- a wedge or block of wood, metal, or the like, for filling in a space, holding an object steady, etc.
- any of various heavy metal fittings on a deck or wharf that serve as fairleads for cables or chains.
- a shaped support or cradle for a ship's boat, barrel, etc.
- a small wooden piece or timber for filling a gap, reinforcing an angle, etc., in a wooden vessel.
- Metalworking. a bearing supporting the end of a rolling mill.
- Mining. a roof support made of cribbing filled with stones.Compare cog3(def 2).
- to furnish with or secure by a chock or chocks.
- Nautical. to place (a boat) upon chocks.
- as close or tight as possible: chock against the edge.
Origin of chock
Examples from the Web for chock
Thus, the SHU was chock full of contraband, because all the x-ray machines were used by the clinics and not the guards.Patted Down by India’s Hugging Saint
July 20, 2014
His mantel is chock full of Oscars and Grammys (three of each).Giorgio Moroder, Dance Music Legend, on Remixing Coldplay’s ‘Midnight’ and ‘Crazy’ Lana Del Rey
April 30, 2014
According to the channel, the new, Western-friendly government in Kiev is chock full of fascists and neo-Nazis.Watch RT, Putin's TV Network, Call the Cops on Me
March 7, 2014
The problem is, Europe seems to be chock full of unique, one time problems with its banking system.After Cyprus Bank Bailout, Depositors Race to Withdraw Their Cash. Is the Rest of Europe Next?
March 17, 2013
Beyond Tosh, the year was chock full of rape jokes, many of them baffling.Daniel Tosh, ‘Two Broke Girls,’ and The Oatmeal: The Year of the Rape Joke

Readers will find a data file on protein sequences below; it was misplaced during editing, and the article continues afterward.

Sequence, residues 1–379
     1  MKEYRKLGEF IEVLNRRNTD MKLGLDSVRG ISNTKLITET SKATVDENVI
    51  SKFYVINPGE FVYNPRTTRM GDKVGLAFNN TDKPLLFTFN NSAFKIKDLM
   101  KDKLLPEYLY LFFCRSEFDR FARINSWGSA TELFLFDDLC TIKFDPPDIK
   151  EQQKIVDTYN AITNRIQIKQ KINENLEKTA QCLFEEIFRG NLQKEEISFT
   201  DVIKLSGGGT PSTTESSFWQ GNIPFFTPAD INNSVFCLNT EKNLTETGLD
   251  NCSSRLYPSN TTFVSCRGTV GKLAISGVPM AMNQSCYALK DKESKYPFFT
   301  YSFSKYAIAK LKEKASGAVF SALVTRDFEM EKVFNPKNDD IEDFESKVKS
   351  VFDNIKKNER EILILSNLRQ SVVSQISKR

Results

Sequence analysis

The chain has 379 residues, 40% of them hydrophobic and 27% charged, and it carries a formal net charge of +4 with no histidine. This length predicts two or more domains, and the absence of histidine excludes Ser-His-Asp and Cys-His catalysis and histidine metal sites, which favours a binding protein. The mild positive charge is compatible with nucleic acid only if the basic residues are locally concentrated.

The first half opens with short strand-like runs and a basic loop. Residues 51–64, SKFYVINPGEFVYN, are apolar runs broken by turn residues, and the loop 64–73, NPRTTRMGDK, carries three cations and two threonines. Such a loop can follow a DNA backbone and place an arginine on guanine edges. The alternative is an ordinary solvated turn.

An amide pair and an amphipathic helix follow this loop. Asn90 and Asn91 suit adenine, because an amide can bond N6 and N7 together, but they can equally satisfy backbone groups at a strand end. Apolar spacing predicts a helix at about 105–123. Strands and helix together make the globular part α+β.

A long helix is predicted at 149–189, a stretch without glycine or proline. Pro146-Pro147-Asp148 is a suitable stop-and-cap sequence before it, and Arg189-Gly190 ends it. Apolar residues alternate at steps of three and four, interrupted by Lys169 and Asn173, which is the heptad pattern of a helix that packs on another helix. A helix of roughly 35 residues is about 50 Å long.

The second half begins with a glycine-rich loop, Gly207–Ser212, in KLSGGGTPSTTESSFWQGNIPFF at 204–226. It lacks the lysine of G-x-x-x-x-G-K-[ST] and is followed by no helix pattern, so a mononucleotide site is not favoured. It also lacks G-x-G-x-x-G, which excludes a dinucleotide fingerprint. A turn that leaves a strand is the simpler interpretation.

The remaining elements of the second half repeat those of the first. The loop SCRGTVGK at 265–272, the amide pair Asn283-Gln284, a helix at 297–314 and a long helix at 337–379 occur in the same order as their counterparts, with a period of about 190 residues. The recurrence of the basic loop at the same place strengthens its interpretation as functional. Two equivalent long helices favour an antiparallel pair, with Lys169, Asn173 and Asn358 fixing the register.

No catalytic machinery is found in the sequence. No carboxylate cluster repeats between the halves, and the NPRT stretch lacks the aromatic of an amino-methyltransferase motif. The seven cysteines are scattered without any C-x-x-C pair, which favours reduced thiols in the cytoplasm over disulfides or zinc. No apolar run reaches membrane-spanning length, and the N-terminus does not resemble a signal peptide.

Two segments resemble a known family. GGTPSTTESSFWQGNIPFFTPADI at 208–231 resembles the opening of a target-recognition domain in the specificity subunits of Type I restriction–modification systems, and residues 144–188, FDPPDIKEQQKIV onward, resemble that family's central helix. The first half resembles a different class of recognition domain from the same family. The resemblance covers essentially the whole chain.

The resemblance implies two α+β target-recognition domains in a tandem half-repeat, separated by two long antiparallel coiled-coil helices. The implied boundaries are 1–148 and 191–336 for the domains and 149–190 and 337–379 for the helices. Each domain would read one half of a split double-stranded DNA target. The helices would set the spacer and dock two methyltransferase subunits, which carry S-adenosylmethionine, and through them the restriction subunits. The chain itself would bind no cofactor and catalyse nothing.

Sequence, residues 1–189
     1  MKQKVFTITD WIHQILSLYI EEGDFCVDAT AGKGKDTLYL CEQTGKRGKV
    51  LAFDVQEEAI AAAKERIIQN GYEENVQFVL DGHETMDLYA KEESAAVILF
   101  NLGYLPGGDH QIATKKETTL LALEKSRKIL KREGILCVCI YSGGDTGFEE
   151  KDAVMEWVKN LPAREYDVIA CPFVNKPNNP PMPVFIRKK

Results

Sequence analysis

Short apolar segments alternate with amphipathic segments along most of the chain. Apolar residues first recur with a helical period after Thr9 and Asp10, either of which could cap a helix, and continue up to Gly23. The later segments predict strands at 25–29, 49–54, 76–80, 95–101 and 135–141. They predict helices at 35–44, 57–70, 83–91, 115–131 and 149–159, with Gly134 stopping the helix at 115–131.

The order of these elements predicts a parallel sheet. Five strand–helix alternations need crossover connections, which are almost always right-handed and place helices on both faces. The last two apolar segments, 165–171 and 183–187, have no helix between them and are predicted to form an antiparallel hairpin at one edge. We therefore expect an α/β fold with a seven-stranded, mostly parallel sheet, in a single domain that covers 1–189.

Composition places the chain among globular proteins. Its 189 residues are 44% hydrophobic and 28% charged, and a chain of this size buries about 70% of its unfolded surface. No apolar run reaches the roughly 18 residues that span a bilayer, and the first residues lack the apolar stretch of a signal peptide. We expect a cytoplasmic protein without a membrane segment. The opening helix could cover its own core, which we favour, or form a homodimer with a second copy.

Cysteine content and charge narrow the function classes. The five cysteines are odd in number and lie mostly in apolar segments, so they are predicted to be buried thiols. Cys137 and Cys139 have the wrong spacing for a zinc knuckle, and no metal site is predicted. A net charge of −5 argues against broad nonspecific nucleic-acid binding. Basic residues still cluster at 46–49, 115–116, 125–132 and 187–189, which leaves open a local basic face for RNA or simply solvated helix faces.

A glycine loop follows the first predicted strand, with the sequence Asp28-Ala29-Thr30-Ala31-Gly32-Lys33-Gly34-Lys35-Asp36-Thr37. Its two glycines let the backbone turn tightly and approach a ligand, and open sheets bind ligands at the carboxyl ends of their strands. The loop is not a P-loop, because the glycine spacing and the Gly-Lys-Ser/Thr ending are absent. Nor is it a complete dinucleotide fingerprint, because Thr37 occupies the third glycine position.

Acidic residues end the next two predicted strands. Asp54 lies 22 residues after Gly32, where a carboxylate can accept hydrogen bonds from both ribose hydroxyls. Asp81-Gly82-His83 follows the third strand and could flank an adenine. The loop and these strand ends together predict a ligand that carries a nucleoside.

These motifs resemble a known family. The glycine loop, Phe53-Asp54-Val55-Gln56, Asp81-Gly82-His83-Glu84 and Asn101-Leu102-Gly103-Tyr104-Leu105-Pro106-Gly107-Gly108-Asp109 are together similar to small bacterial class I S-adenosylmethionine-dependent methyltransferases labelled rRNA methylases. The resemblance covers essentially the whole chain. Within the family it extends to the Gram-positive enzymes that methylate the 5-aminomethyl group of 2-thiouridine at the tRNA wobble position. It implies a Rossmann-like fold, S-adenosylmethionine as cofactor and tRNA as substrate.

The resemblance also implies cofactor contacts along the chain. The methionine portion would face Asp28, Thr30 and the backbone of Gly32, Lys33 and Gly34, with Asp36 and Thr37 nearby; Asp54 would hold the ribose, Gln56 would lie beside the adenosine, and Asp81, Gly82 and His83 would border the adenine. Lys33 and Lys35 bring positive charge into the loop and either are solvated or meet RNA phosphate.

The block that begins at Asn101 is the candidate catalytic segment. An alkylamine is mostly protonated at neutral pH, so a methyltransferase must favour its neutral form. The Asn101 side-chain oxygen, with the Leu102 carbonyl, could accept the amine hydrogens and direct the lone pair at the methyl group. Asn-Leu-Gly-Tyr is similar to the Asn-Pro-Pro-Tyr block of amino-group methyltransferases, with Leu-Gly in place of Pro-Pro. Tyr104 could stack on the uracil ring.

December 17, 2012
And when I got into this county I found it chock full of armies.The Long Roll
I guess the palace will be chock full, Button-Bright; don't you think so?The Road to Oz
L. Frank Baum
Then: "My room is chock full of toys," the Banker said reflectively.The Girl in the Golden Atom
Raymond King Cummings
It was chock full, and Jim and I have to sleep under the table.Parkhurst Boys
Talbot Baines Reed
The prisons are chock full of them, and the mass held in abhorrence.'Penshurst Castle
- a block or wedge of wood used to prevent the sliding or rolling of a heavy object
- a fairlead consisting of a ringlike device with an opening at the top through which a rope is placed
- a cradle-like support for a boat, barrel, etc
- mountaineering See nut (def. 10)
- (usually foll by up) British to cram fullchocked up with newspapers
- to fit with or secure by a chock
- to support (a boat, barrel, etc) on chocks
- as closely or tightly as possiblechock against the wall
Word Origin and History for chock
1670s, "lumpy piece of wood," possibly from Old North French choque "a block" (Old French çoche "log," 12c.; Modern French souche "stump, stock, block"), from Gaulish *tsukka "a tree trunk, stump."
"tightly, close up against," 1799, back formation from chock-full.